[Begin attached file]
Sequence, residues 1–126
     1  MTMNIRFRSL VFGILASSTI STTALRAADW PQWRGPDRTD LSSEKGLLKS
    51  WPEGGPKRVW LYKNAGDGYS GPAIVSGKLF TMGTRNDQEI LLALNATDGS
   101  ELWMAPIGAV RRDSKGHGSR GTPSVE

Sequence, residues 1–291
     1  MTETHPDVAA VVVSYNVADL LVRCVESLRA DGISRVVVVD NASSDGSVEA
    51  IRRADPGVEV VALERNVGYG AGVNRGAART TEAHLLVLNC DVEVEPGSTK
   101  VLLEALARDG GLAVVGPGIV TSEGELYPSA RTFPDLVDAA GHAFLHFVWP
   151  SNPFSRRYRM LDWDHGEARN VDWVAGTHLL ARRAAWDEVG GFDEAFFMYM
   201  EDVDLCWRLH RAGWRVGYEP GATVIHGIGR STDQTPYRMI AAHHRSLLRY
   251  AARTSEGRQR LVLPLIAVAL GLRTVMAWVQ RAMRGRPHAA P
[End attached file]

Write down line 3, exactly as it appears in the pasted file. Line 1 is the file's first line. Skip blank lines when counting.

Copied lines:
    51  WPEGGPKRVW LYKNAGDGYS GPAIVSGKLF TMGTRNDQEI LLALNATDGS